Even if our animals are only in our lives for a short while, to them, we are their whole lives.
When Jennifer adopted Martin the rat from the BC SPCA Surrey Education & Adoption Centre in May 2018, she instantly fell in love with his larger-than-life personality.
Martin certainly made the most out of his life with Jennifer, giving her many kisses and making her smile.
Now, Martin has passed on, but Jennifer has shared a beautiful and hilarious tribute to her bright-eyed pal:
I adopted Martin on my birthday and he proved to be one of the most enjoyable and entertaining pets ever.
Everything was big and dramatic with Martin. He was stubborn and refused to be redirected. He would literally throw the salad off his dish and over his shoulder as if to say, “Get this crap off my mashed potatoes!”
He never made friends with any of our other rats, despite my attempts at slow introductions. He always had other ratties nearby so he wouldn’t feel alone in the world, but he had to live in his very own cage.
Martin was very loving with his human family. He gave kisses easily and would sometimes do a playful touch-and-go of darting forward to kiss then taking off in a circuit of his cage, and running back for another kiss.
Martin was a ratty of action. He sought adventure. He quickly learned to use a basket as an elevator from his cage. He would get into the offered basket to signal if he wanted to go down to the floor for free-roam, or get into it to say he wanted back up to his home.
Martin was incredibly sensitive and his expressive eyes earned him the nickname Ancient Eyes. If any of my other rats were sick, or passed on, Martin would be upset for days, fussing about nervously, and only wanting attention at his door, refusing to exit his cage.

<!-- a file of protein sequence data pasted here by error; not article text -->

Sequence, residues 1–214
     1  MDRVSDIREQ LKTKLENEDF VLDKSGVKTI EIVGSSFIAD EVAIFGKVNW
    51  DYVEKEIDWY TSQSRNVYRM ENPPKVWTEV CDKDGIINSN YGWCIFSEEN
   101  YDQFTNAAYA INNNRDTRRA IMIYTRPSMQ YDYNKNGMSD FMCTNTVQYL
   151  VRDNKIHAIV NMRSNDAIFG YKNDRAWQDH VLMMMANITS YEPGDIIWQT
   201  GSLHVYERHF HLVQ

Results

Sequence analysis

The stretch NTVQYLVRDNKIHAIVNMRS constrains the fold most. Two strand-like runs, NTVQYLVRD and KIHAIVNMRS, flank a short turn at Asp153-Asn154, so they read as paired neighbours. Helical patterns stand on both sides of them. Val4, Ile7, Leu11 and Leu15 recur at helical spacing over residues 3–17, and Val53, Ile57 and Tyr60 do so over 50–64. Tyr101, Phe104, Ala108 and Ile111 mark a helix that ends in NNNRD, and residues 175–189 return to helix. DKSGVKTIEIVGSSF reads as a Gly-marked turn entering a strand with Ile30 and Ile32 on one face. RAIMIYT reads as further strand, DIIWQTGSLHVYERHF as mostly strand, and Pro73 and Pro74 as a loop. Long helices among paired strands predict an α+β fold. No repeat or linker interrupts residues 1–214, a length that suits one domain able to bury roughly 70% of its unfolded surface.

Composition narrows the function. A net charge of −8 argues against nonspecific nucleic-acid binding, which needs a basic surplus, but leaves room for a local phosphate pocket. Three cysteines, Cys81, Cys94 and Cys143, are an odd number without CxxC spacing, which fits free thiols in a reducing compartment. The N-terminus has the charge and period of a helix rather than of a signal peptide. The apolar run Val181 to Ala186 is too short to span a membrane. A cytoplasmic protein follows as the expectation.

He was plagued his whole life with an anxiety over food. This developed because he had been severely neglected before being rescued by the BC SPCA. Because of this, we had to ensure that his food dish was always full. I also served him treats before any of the other ratties, or he would panic and race back and forth.
Martin had a chronic upper respiratory illness, which was effectively managed with four drugs administered twice a day.
Shortly after his second birthday, Martin developed a mass in his abdomen. Given his senior age (two years is old for a rat) and his chronic lung condition, with the vet’s advice we opted out of surgery.
Instead, we chose to provide pain control and monitor for his quality of life. Martin’s mobility gradually became limited and we made adjustments in his cage to support his needs.
Martin continued to be adventurous in nature, so I would carry him around the yard to explore. Cedar trees were his favourite, and he would try to scramble out of my arms to get into them.
I spent the last two evenings of Martin’s life cuddled up next to him, reading aloud, while he lounged in his “temple-tent” on the floor. He bruxed and boggled with the attention.
His passing at Capital Hill Vet was easy. He was two years, seven months and three weeks old.
“I know you are happy over that rainbow bridge, Ancient Eyes, and cuddled in the arms of your daddy once again, giving him all those sweet little kisses. I love and miss you both so much.”
Thank you, Jennifer, for choosing adoption as your first option. We thoroughly enjoyed Martin’s story. Thank you for providing Martin with the fullest life that he deserved. Your commitment to your ratties is admirable and they are all very lucky to have you.
Have you adopted an animal from the BC SPCA and want to share your joy with others? Submit your adoption story!